Fox has the “Sex and the City” prequel “The Carrie Diaries.” With her new play “The Snake Can,” actor-playwright Kathryn Graf is clearly trying to lay the groundwork for a tale of a group of closely knit, occasionally foulmouthed female friends as they slide toward menopause. The trouble is that her trio of Nina, Harriet, and Meg—while every bit looking for love—aren’t nearly as dirty, sexy, or smartly depicted as Carrie, Miranda, et al. Graf has said that in her three heroines she’s created a few different versions of herself: widow, eclipsed partner of successful actor, single woman. In Jane Kaczmarek, Diane Cary, and Sharon Sharth, director Steven Robman has assembled a better than average set of actors to bring them to life. (Predictably, the men in their lives are far less interesting.)
Even with the occasional bit of dramatic heft, “The Snake Can” feels watered down. Basically, we have a paean to female friendship surrounded by romantic interludes, some of which are believable while others are intensely silly. The three-way bifurcation presumably means that we’re expected to root for our heroines equally, and that’s dangerous; even “Sex and the City” put Carrie’s face—and Carrie’s face only—on the side of the bus.
All three women get a breakdown, a crisis point, or both, Meg most significantly. Twice divorced, successful, beautiful, and a genuinely good person, Meg is nonetheless a magnet for loneliness. In a comic encounter with a golfing CPA (Joel Polis), her seduction attempt fails because the poor blighter respects her too much. Later, she faces a test when offered a chance at love with someone from her friends’ inner circle, an opportunity she sabotages. Sharth, fighting all sorts of conflicting impulses, shows some real dramatic chops here.
Kaczmarek’s Harriet grounds the action in a different way. As a woman re-entering the dating scene seven years after the death of her husband, Kaczmarek (late of “Malcolm in the Middle”) is a mix of wide-eyed wonderment over this brave new world of Internet dating, practicality, and fantasy dreams (her morphing of online date Stephen into a variety of stereotyped Cassanovas is a bit overplayed). James Lancaster, who plays Stephen, makes for both a charming foil and a kind of sexual counterpoint. Clearly, the men are trying to figure out this game as well.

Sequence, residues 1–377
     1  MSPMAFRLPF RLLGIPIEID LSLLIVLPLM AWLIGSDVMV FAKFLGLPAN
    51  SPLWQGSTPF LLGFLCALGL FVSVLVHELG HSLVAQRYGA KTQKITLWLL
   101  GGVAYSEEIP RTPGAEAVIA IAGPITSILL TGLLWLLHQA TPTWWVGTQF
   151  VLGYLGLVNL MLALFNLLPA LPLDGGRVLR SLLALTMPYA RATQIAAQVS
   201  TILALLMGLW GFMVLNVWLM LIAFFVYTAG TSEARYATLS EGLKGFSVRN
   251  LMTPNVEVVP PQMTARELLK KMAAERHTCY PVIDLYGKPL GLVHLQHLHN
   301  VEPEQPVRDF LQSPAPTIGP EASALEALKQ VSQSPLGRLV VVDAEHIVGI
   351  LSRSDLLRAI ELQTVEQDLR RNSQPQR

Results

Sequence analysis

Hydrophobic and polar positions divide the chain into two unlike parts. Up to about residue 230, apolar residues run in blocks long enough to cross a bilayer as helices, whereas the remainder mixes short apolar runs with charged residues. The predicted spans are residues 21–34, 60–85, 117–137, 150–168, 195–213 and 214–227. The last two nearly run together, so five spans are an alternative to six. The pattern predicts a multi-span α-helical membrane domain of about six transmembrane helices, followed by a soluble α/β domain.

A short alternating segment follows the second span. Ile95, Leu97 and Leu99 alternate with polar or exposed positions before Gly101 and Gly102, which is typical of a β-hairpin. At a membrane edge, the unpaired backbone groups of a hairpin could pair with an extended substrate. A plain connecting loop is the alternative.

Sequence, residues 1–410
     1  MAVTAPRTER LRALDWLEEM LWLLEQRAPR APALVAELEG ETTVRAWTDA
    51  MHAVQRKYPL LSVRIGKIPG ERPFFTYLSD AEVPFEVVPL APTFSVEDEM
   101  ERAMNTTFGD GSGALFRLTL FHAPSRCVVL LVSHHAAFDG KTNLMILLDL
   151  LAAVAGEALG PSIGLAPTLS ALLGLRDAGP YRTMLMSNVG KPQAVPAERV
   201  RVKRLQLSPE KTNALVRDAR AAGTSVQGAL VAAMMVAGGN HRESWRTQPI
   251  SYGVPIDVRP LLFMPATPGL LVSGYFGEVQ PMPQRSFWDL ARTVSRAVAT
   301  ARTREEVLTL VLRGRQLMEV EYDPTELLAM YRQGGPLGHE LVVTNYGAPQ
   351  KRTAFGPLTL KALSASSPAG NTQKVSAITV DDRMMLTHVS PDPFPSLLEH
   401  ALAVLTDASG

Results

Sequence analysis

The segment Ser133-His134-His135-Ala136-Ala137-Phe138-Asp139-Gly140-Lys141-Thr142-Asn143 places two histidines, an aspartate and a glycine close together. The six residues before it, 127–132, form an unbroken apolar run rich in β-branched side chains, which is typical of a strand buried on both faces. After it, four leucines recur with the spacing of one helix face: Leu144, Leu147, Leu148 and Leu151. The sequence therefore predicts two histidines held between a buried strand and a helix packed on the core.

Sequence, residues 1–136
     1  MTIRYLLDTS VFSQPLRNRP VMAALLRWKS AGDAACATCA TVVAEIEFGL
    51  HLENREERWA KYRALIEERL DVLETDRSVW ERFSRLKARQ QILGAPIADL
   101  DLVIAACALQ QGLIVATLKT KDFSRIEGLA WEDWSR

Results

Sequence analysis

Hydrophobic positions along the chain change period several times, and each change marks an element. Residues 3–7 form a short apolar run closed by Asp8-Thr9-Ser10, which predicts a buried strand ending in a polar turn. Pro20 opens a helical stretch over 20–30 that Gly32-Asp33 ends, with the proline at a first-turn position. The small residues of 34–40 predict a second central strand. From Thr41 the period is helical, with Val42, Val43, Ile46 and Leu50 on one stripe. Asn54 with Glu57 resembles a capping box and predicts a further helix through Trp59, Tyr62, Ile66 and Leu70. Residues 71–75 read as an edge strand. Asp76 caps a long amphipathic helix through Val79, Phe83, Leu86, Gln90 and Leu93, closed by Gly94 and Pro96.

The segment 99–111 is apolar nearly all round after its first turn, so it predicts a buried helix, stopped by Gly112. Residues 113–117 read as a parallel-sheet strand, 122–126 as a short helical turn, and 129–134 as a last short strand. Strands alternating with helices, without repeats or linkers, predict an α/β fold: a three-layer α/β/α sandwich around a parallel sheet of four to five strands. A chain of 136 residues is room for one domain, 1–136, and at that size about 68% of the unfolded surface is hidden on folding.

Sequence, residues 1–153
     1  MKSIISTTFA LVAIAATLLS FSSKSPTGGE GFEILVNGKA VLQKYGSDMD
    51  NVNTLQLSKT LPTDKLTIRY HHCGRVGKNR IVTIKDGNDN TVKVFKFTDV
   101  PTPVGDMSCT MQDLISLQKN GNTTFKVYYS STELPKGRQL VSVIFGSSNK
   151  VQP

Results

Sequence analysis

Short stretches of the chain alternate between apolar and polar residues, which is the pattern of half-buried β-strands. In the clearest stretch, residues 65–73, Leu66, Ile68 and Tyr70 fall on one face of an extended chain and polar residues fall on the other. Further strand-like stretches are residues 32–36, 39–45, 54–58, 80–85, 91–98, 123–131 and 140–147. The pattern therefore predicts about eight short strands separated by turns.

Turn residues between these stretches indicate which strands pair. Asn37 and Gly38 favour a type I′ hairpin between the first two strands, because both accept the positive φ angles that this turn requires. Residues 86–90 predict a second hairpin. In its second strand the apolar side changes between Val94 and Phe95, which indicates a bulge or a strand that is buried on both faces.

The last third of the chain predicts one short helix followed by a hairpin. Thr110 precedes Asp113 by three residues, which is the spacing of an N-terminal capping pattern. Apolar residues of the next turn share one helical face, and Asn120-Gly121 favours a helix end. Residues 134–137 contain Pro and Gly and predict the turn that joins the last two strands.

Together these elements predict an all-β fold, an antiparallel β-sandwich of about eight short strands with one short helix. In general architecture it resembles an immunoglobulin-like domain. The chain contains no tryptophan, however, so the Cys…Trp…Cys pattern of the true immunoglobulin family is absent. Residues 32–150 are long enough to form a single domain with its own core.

Having left her famous actor husband Paul (Gregory Harrison) to pursue an artist’s career, Cary’s Nina spends much of the play either in torment or up to her elbows in paint. The actor makes this character interesting if not terribly plausible. Harrison ably plays the anti-rake, the guy who presumably could have any woman but only wants his wife—who doesn’t want him back.
The three women convene as a group exactly twice: to set the scene and to part. Perhaps Graf could make the romantic (mis)adventures of Harriet, Nina, and Meg continue in series form. We have, alas, heard the tale before.
Presented by Indi Chi Productions at the Odyssey Theatre, 2055 S. Sepulveda Blvd., L.A. Jan. 19–Feb. 24. (310) 477-2055 ext. 2 or www.odysseytheatrecom. Casting by Helen Geier.
Critic’s Score: B-